Malware Alert: Soldiers educate tomorrow's cyber-security experts
Sgt. 1st Class Samuel Anderson, Joint Force Headquarters, advises Cpt. Sameer Puri, 56th Theater Information Operations Group during the International Collegiate Cyber Defense Invitational, July 6th, 2018, Highland Community College, Wash. Washington National Guard soldiers attended the International Collegiate Cyber Defense Invitational to help educate information technology students on their responses to cyber-attacks. (U.S. Army National Guard photo by Spc. Alec Dionne)
A soldier opens his laptop, and the attack begins. Spc. Sunia Laulile, Alpha Company, 56th Theater Information Operations Group, types efficiently, shutting down the opposing system. Malware is installed, the system is crippled, the mission is a success. This was not a real world attack however, but an exercise at the International Collegiate Cyber Defense Invitational, July 6th, 2018, Highline College, Wash.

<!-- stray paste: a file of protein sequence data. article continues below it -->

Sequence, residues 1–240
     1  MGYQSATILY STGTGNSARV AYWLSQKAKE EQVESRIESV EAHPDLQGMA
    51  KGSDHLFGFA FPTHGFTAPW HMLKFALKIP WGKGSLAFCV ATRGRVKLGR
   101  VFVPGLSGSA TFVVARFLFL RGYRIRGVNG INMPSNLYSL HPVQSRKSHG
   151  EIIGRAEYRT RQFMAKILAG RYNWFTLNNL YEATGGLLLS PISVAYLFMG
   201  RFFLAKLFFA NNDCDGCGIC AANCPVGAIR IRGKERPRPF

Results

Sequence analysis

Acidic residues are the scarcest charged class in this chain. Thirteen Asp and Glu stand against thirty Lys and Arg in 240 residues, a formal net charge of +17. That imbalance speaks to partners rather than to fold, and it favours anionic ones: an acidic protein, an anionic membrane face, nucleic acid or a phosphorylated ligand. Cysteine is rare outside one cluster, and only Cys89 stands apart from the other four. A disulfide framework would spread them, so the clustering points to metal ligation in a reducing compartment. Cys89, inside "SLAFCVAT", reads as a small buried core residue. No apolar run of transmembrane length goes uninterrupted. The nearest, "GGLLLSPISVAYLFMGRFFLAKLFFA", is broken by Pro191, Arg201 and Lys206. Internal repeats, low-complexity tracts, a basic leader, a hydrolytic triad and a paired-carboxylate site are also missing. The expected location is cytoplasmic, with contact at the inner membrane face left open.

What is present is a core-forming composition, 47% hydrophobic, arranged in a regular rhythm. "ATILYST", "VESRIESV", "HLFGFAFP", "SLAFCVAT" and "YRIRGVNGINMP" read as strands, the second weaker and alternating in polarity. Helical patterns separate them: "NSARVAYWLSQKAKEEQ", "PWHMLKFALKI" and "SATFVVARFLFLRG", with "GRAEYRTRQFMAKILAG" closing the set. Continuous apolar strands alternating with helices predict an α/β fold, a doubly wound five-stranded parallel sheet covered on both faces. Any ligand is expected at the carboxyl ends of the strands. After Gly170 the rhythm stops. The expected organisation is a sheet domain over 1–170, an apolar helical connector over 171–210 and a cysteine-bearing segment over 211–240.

Washington Army National Guard soldiers from the 56th Theater Information Operations Group, Joint Force Headquarters, and Headquarters and Headquarters Company, 181st Brigade Support Battalion, 81st Stryker Brigade Combat Team, were invited to the exercise to help train the nation’s next generation of cyber security professionals.
“Our team did extremely well,” said Cpt. Sameer Puri, 56th Theater Information Operations Group. “They showed how the security flaws in computer systems and networks can be exploited.” Cpt. Sameer Puri, 56th Theater Information Operations Group.
The soldiers participated as the opposing force during the invitational, and students acted as the network’s defenders. Students were graded on how well they protected their computer systems from the soldiers’ cyber-attacks. At the end of each iteration, the soldiers and students came together to discuss how to better improve their response to the attacks.
This is valuable training for Guard soldiers too.
“We have more freedom of execution here,” said Laulile.
Events like these give cyber-professional soldiers the operational freedom to practice their skills in real time, similar to a live fire exercise. They get to break the mold and experiment with new ways to disrupt a computer network.
“Cyber exercises like ICCDI help to build better cyber resilience and enhances the mutual cooperation between the Washington National Guard and academia in the field of cyber security,” said Puri.